You can't mention informed consent and not revisit HeLa, the first immortal human cells known to science. HeLa was cultured from a tissue biopsy from Henrietta Lacks and shared among thousands of researchers -- even sold as a commercial product -- making her and her family one of the most studied humans in medical history. The biopsy, the culturing, the sharing and the research all happened without her knowledge or consent, or the knowledge or consent of her family.

And, of course, there is Facebook -- again. Their new "Instant Personalization" feature amounts to sharing information about personal relationships and cultural tastes with commercial partners on an op-out basis. Unsurprisingly, people are pissed off.

Some types of data are specifically protected by statute. If you hire a lawyer, the data you share with them is protected by attorney-client privilege, and cannot be disclosed even by court order. Conversations with a psychiatrist are legally confidential under all but a handful of specifically described circumstances. Information you disclose to the Census cannot be used for any purpose other than the Census. Nevertheless, there are many types of data that have essentially no statutory confidentiality requirements, and these types of data are becoming more abundant, more detailed, and more valuable.

While I appreciate Google's promises, I'm disturbed that the only thing protecting my data is the goodwill of a company. While a company might be full of a lots of good people, public companies are always punished for altruistic behavior sooner or later. There is always a constituency of assholes among shareholders who believe that the only profitable company is a mean company, an they'll sue to get their way. Managers must be very mindful of this fact as they navigate the ever changing markets, and so altruistic behavior in a public company can never be relied upon.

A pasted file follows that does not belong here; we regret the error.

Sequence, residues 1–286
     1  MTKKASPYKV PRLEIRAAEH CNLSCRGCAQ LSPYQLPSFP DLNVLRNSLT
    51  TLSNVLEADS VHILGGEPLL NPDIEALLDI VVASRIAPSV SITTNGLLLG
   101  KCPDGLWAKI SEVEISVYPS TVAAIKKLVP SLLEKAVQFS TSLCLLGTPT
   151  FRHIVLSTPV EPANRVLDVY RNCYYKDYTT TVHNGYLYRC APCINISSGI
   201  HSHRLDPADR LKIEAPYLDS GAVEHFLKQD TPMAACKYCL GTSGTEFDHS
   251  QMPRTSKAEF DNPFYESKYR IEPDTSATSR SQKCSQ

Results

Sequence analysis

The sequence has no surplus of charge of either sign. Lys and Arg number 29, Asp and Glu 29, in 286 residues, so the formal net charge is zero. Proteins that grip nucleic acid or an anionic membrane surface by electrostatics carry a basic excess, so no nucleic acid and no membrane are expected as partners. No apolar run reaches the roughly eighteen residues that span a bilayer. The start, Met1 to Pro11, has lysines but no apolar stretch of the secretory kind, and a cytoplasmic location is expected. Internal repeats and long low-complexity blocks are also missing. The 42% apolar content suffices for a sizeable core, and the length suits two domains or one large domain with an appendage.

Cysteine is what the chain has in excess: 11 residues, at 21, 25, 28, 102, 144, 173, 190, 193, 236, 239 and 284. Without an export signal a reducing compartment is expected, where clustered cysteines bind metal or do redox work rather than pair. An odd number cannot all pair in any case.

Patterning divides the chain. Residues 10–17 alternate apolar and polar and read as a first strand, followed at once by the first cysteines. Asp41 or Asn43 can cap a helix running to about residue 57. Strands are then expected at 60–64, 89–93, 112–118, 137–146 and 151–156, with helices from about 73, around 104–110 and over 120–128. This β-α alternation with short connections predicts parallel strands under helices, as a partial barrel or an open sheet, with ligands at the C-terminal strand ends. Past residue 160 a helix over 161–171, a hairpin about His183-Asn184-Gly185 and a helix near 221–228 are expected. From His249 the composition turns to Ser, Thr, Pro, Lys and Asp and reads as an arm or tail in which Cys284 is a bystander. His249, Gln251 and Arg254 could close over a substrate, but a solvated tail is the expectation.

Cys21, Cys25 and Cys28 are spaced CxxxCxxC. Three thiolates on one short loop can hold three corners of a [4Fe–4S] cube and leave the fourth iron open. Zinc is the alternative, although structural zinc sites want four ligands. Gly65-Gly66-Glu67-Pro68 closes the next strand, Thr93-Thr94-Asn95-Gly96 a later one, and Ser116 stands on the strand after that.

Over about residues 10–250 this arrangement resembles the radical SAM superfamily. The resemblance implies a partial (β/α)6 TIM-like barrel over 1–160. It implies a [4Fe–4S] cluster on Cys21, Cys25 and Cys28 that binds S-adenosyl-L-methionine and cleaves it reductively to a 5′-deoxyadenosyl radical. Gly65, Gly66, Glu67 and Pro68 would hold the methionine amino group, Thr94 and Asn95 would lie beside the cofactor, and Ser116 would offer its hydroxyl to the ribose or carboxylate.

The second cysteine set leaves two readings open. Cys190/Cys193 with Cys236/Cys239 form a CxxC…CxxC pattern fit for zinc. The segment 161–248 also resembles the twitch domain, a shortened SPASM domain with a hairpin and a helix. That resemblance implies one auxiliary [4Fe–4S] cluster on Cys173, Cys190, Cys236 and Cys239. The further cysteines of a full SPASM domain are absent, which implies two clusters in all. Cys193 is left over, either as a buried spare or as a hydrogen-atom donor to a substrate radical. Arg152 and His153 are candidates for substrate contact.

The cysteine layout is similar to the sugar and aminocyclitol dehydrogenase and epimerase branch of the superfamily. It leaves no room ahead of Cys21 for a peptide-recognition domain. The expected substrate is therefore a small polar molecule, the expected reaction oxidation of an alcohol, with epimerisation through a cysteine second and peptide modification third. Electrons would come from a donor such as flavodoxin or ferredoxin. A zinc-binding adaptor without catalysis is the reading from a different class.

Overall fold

We cannot rely on thoughtful policies, ethical researchers or altruistic companies to keep our data under our control. The data we generate in the course of our daily lives is too valuable, and the incentives for abuse are overwhelming. I believe we should go back to the original question -- who owns this data? -- and answer it. The only justifiable answer is that the person described by the data owns the data, and may dictate the terms under which the data may be used.

People who want the data -- advertisers, researchers, statisticians, public servants -- fear that relinquishing their claim on this data will mean that they will lose it. I strongly disagree. I believe that people will share more freely if they know they can change their mind, and that the law will back them up.

Update

The EFF put together a very sad timeline of Facebook's privacy policies as they've evolved from 2005 to now. They conclude, depressingly :
Viewed together, the successive policies tell a clear story. Facebook originally earned its core base of users by offering them simple and powerful controls over their personal information. As Facebook grew larger and became more important, it could have chosen to maintain or improve those controls. Instead, it's slowly but surely helped itself — and its advertising and business partners — to more and more of its users' information, while limiting the users' options to control their own information.

Comcast melts in the rain

Posted by Russell on April 20, 2010 at 10:57 p.m.
For reasons I do not wish to fathom, my internet connection from home sucks whenever it rains. When I try to imagine why this might be the case, it calls to mind some truly horrifying images of what might be going on in Comcast's wiring closets.

How much does it suck? Well, here is a histogram of 200 ping times from my house to a machine at UC Davis, about 3000 feet from my front door. For comparison, I simultaneously collected 200 pings from my colo machine, which is 3000 miles away in Boston. The inbound and outbound packets from the colo go over Level3, so I've labeled it thusly.

Now, I wouldn't really expect a residential cable modem connection to measure up very well against a colocated server in terms of latency, but this isn't just a failure to measure up. This is just a regular old fashioned failure.

What ticks me off the most is that I pay $636 a year for this crap, and that my only alternative is AT&T DSL. I'd rather shave my tongue with a used bayonet than see a penny of my income fall into the hands of AT&T. Why does broadband suck in America?

I believe, Sir, that I may with safety take it for granted that the effect of monopoly generally is to make articles scarce, to make them dear, and to make them bad.
- Thomas Babington Macaulay